The future development of both correlative and process-based approaches is likely to see a mixing of their strengths (Mokany & Ferrier, 2010): data-driven implementation conveys trustworthiness because it is based on ‘real data’; modelling of actual processes emanates scientific rigour and mechanistic understanding. The key test for either approach, however, is its usefulness for the question at hand. Can either of the two approaches identify previously unknown mechanisms thus generating knowledge? Are models accurately predicting suitable sites as confirmed by transplant experiments? Are uncertainties small enough to allow selection between different management scenarios?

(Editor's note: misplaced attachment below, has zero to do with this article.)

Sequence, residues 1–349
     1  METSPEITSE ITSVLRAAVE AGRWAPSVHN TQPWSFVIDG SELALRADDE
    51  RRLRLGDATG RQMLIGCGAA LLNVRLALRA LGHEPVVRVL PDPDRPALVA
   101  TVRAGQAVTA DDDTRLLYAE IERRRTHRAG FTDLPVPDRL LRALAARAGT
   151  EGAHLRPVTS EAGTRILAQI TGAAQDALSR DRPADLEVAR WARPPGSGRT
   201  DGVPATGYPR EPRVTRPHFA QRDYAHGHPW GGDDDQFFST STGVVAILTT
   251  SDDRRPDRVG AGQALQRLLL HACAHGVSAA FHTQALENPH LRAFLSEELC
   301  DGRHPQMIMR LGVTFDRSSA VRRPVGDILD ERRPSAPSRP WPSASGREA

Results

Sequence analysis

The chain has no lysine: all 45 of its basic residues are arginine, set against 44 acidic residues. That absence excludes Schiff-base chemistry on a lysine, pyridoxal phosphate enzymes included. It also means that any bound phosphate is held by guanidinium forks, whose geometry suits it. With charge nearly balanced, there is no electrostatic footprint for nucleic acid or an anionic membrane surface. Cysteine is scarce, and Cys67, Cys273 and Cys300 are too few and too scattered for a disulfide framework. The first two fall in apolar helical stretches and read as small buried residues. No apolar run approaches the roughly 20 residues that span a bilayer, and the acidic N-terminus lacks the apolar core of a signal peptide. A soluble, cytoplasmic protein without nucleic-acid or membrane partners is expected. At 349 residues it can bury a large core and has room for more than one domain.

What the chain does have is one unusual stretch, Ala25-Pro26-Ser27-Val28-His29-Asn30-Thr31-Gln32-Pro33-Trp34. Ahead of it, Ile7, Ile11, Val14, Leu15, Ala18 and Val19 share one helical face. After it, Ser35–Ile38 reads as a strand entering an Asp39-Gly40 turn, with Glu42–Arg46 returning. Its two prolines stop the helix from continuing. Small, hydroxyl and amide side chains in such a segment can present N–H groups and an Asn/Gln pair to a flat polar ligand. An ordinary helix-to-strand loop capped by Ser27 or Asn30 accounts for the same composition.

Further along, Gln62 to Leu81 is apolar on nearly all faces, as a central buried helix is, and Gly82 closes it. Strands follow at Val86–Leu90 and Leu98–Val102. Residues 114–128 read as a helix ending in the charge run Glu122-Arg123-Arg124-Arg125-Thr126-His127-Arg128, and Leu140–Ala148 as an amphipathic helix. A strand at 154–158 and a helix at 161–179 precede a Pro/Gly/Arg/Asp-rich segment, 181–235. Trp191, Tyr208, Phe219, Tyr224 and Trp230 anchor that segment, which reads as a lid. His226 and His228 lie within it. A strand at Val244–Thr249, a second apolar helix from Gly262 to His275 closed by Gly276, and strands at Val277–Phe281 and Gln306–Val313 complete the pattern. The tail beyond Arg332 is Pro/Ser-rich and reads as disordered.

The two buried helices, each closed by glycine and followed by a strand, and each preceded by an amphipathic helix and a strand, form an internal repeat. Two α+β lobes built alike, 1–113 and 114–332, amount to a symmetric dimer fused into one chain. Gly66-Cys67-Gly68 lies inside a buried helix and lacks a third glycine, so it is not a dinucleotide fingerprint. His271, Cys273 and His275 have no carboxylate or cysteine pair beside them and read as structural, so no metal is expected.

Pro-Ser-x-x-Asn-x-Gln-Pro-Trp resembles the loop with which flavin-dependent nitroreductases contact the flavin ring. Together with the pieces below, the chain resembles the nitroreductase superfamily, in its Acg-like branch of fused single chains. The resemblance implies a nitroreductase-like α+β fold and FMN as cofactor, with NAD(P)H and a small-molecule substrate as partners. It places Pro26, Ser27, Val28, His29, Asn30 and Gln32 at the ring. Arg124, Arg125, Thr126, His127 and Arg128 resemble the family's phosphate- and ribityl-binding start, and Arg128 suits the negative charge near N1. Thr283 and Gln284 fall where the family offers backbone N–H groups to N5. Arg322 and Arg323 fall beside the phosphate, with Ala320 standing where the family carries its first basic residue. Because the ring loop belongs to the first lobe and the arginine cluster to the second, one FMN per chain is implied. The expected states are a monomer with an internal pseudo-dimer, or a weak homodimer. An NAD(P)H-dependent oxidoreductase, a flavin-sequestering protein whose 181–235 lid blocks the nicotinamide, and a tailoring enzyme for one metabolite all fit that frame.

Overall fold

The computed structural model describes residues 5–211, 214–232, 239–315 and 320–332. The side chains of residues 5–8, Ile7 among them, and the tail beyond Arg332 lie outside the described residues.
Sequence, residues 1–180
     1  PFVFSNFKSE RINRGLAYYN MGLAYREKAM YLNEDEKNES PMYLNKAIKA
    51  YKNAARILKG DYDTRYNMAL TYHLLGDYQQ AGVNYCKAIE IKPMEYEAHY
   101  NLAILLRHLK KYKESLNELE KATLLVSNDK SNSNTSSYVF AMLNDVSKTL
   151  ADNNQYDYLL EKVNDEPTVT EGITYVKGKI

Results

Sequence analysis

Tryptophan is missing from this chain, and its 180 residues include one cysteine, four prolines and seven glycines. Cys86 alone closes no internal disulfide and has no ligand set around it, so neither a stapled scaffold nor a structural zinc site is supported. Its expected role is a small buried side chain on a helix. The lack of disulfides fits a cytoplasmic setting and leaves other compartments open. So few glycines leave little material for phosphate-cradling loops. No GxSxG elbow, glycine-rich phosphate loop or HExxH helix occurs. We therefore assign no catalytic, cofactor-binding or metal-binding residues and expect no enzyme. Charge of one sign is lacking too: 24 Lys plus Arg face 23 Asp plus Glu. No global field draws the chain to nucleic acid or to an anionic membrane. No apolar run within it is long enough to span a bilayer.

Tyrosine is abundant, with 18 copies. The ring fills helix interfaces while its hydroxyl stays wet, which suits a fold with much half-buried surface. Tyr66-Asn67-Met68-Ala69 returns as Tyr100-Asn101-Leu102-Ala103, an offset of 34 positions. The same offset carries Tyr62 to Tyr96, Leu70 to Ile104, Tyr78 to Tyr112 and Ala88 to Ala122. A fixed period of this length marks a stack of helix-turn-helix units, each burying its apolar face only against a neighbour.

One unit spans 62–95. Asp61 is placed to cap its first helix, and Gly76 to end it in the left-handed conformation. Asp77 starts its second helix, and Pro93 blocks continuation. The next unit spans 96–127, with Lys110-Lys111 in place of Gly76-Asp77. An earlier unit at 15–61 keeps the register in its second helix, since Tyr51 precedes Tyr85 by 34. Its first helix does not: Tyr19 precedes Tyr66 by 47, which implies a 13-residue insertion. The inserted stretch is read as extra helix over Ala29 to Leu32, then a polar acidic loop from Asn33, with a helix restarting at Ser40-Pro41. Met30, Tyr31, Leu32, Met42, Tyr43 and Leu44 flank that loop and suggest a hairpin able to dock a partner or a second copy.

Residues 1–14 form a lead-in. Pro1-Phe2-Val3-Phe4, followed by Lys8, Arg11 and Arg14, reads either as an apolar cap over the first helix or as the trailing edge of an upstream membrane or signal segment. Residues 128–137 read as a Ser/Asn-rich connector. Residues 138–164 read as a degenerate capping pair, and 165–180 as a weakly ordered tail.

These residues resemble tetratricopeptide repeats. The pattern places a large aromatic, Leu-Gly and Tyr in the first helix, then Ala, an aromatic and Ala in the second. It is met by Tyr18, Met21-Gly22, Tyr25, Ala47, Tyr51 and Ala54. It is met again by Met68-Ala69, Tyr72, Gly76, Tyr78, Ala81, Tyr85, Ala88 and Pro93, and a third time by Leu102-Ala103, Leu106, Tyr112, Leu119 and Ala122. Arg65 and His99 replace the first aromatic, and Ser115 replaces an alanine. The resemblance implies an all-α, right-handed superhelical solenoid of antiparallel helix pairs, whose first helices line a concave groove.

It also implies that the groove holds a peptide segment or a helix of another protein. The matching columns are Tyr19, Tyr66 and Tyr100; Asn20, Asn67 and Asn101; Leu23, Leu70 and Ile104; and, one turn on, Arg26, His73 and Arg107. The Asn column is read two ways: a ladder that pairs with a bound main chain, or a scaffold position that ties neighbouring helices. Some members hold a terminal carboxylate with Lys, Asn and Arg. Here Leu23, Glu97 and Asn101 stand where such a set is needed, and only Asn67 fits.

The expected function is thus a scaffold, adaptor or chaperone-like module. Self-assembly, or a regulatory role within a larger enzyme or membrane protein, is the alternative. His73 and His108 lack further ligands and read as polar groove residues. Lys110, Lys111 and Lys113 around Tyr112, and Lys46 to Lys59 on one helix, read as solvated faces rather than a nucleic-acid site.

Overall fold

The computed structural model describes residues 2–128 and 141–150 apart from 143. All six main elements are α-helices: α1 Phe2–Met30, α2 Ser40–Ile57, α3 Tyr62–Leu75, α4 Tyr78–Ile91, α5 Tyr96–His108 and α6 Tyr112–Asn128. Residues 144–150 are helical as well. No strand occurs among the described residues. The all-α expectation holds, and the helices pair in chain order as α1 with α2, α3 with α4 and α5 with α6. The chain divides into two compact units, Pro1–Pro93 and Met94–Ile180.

We would like to highlight three avenues for research on species distributions, as follows.
1 Bayesian fitting of process-based models. To understand how certain the knowledge we put into the model actually is, we can fit the model to observed data sets (‘model inversion’). Allowing the uncertainty of model parameters to enter the fitting process as priors, estimated distributions of model parameters are indicative of the statistical support of the data for this specific parameter. Note, however, that such Bayesian process modelling is still being developed and that we may ‘fit models that are far beyond our ability to understand them’ (Hodges, 2010, p. 3497). If a parameter’s posterior distribution largely overlaps with 0, we would conclude that under this model there is no evidence for the process in this data set. For a given system, generic models could thus be tailored and simplified. Model inversion could hence be used in an inferential way.